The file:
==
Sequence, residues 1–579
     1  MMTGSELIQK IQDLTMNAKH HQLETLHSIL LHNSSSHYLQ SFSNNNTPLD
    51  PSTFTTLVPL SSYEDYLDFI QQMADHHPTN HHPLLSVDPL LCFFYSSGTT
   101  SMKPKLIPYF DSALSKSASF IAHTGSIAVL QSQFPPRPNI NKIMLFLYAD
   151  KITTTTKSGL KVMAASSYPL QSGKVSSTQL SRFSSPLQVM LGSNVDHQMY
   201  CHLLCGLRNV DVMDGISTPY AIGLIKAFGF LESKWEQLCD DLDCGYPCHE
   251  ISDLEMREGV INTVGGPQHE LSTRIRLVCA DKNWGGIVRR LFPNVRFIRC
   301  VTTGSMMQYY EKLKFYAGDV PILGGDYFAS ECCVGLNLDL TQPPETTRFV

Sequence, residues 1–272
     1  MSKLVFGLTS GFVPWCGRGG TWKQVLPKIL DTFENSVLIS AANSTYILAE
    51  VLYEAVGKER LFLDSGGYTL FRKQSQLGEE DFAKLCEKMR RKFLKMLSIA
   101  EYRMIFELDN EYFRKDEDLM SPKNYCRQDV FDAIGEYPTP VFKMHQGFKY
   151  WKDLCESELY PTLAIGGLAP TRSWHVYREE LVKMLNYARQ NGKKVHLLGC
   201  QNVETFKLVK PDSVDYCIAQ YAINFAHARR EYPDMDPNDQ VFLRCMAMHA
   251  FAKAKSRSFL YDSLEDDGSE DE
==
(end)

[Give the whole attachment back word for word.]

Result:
Sequence, residues 1–579
     1  MMTGSELIQK IQDLTMNAKH HQLETLHSIL LHNSSSHYLQ SFSNNNTPLD
    51  PSTFTTLVPL SSYEDYLDFI QQMADHHPTN HHPLLSVDPL LCFFYSSGTT
   101  SMKPKLIPYF DSALSKSASF IAHTGSIAVL QSQFPPRPNI NKIMLFLYAD
   151  KITTTTKSGL KVMAASSYPL QSGKVSSTQL SRFSSPLQVM LGSNVDHQMY
   201  CHLLCGLRNV DVMDGISTPY AIGLIKAFGF LESKWEQLCD DLDCGYPCHE
   251  ISDLEMREGV INTVGGPQHE LSTRIRLVCA DKNWGGIVRR LFPNVRFIRC
   301  VTTGSMMQYY EKLKFYAGDV PILGGDYFAS ECCVGLNLDL TQPPETTRFV

Sequence, residues 1–272
     1  MSKLVFGLTS GFVPWCGRGG TWKQVLPKIL DTFENSVLIS AANSTYILAE
    51  VLYEAVGKER LFLDSGGYTL FRKQSQLGEE DFAKLCEKMR RKFLKMLSIA
   101  EYRMIFELDN EYFRKDEDLM SPKNYCRQDV FDAIGEYPTP VFKMHQGFKY
   151  WKDLCESELY PTLAIGGLAP TRSWHVYREE LVKMLNYARQ NGKKVHLLGC
   201  QNVETFKLVK PDSVDYCIAQ YAINFAHARR EYPDMDPNDQ VFLRCMAMHA
   251  FAKAKSRSFL YDSLEDDGSE DE